October 1, 2021

In This Issue
Fast Facts
Federal Agencies Release Second Installment of Surprise-Billing Regulations
Democratic Infighting Delays Reconciliation Process
Urge Your Members of Congress to Support the Commonsense Reporting Act
Plan-Year 2022 Marketplace Registration and Training for New Agents and Brokers
Please Submit Any Follow-Up Info from Your In-District Meetings
State Spotlight: Four States Chosen for New CMS Innovation Model Aimed at Rural Healthcare
Healthcare Happy Hour: Employer Reporting Bill Introduced as Democrats Continue Reconciliation Debate
HUPAC Roundup: Virginia Elections Slowly Drift Toward a Toss-up
What We're Reading
E-mail the Editor
Visit the NAHU Website
Printer Friendly Version
What We're Reading

It’s officially October! Put up your spooky decorations and prepare for Halloween stores to take over every strip mall near you. Here is what we’re reading this week:

  • Check out the October edition of America’s Benefit Specialist. This month’s articles include open enrollment best practices, how to utilize ICHRAs more effectively, and more!
  • NAHU CEO Janet Trautwein was published in the Chicago Tribune earlier this week. In herop-ed, she outlines exactly why the Medicare eligibility age should not be lowered.
  • The average premium for Medicare Advantage plans will be lower in 2022 at $19 per month, compared to $21.22 in 2021, according to new CMS data. However, Part D coverage is rising to $33 per month, compared to $31.47 in 2021. The agency released the 2022 premiums, deductibles and other key information for Medicare Advantage and Part D prescription drug plans in advance of the annual Medicare open enrollment.
  • For many Americans, the pandemic has been a wake-up call, a trigger to reexamine the financial strategies they have created to prepare for the unexpected. Life insurance must be an essential piece of those strategies. According to LIMRA and Life Happens, 42 percent of families said they would face financial hardship within six months if the primary wage earner in the family died.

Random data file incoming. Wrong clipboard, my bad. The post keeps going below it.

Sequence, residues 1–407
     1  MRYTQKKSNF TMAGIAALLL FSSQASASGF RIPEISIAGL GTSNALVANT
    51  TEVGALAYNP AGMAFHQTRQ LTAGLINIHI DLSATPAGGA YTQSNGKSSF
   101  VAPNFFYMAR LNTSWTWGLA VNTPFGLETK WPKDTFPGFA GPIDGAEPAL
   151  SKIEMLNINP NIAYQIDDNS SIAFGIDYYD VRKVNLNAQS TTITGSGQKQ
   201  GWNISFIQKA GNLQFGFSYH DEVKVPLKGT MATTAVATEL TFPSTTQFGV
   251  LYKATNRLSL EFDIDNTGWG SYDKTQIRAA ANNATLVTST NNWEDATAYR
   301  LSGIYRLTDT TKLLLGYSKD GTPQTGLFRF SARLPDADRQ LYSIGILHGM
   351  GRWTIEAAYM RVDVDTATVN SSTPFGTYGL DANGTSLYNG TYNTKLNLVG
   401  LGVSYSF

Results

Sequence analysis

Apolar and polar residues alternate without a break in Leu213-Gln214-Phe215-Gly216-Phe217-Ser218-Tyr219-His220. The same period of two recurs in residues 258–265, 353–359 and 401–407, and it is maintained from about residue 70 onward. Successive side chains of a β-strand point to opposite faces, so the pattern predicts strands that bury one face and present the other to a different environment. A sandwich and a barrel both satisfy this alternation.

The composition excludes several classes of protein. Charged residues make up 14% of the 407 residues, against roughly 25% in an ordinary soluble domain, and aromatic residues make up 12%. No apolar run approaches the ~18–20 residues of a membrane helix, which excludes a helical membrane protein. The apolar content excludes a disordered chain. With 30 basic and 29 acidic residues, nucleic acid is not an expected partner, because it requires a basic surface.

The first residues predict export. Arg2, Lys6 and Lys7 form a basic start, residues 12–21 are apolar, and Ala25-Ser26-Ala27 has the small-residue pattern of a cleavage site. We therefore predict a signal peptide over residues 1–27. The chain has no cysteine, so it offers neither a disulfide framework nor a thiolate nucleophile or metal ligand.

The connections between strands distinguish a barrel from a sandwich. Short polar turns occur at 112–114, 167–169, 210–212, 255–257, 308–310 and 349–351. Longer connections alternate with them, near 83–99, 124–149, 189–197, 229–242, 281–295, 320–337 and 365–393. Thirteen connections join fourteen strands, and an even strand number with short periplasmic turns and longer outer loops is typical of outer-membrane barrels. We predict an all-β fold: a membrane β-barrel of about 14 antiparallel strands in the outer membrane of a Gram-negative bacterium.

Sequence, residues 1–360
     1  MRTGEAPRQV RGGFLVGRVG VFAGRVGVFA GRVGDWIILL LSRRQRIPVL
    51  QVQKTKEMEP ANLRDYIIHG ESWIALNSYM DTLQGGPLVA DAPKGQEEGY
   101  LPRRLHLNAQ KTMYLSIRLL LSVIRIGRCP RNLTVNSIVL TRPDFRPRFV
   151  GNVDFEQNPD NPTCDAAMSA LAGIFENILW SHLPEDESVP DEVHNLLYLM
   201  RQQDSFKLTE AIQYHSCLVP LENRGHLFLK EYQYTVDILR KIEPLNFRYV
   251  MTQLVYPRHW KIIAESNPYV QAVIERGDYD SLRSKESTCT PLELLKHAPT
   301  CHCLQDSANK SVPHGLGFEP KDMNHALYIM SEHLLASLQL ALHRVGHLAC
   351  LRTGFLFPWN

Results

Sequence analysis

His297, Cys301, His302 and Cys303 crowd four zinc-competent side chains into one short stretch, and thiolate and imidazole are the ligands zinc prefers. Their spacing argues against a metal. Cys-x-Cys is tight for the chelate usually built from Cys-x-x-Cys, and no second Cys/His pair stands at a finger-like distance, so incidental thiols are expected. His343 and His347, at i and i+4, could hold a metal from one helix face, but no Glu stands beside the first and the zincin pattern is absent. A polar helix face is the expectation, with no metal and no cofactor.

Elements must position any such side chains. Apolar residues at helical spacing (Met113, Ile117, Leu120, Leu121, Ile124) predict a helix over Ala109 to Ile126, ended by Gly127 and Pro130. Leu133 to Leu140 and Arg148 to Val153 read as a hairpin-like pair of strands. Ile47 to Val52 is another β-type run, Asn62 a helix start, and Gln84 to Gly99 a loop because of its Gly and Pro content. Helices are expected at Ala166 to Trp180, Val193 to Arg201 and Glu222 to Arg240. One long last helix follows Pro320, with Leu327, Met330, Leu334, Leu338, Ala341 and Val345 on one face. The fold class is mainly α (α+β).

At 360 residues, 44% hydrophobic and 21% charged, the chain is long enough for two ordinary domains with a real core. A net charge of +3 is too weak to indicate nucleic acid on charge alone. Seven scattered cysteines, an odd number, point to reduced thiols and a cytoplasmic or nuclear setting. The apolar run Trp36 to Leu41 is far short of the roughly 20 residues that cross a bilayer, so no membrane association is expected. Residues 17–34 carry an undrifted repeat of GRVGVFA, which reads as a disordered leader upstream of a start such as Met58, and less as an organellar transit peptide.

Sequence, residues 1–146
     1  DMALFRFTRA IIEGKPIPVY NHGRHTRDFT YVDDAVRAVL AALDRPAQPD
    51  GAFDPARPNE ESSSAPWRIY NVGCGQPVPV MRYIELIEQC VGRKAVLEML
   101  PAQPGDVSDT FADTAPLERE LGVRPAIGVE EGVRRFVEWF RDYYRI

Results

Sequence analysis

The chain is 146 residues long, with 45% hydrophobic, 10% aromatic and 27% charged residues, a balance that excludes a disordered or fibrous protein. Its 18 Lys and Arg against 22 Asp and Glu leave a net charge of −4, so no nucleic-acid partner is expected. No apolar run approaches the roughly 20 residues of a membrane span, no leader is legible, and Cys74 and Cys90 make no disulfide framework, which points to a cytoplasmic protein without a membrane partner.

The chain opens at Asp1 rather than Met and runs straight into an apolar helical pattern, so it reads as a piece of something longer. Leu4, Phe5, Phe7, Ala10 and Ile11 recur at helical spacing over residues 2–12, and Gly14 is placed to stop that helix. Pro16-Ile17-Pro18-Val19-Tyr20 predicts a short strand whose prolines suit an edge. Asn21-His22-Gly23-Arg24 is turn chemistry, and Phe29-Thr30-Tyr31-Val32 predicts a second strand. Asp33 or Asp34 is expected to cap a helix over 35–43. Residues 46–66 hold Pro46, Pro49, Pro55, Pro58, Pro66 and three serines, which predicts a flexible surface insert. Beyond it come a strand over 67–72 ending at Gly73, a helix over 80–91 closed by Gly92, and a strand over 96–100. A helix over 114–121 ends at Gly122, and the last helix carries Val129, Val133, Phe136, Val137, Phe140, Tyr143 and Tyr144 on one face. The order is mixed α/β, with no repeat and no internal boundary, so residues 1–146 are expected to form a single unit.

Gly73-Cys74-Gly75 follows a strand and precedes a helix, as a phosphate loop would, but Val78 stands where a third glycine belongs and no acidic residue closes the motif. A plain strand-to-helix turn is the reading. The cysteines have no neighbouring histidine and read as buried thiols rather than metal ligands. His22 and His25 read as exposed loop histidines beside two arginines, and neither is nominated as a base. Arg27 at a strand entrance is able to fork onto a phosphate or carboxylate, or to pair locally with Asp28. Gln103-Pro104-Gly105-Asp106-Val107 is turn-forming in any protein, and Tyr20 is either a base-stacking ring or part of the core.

• Benefits.gov has put together a list of facts and FAQs about Medicaid to help you find the answers you need.
  • While some healthcare workers remained unvaccinated as California's COVID-19 vaccination mandate took effect September 30, health systems reported that many have complied. Since state officials issued the order, several health systems have reported hundreds or thousands more workers getting vaccinated.
  • Centene Corporation will pay more than $71.2 million to settle allegations from Illinois and Arkansas that a pharmacy benefit manager subsidiary submitted inaccurate bills and failed to disclose discounts. The insurer will pay out more than $56 million in two installments to Illinois and $15.2 million to Arkansas.
  • Speaking of Arkansas and pharma, a top pharma lobbying group sued to strike down an Arkansas law that requires drugmakers to provide pharmaceuticals discounted under 340B to contract pharmacies. The lawsuit comes as six drugmakers have restricted sales of 340B products to contract pharmacies, which has prompted a legal clash with the federal government.
  • The Justice Department is combating a surge in counterfeit pills that can cause deadly drug overdoses, an effort that in the past two months has led to the arrest of more than 800 people, 60 search warrants and 1.8 million recovered counterfeit pills laced with enough fentanyl to kill 700,000 Americans.
  • In this week’s bit of feel-good news: Reid Alexander was diagnosed with the genetic kidney disease at age 17 and eventually went into kidney failure. Reid decided to look for love on the popular dating app Tinder, where he not only met his future husband, but his future kidney donor as well.

Share LinkedIn Twitter Facebook
< Previous Article |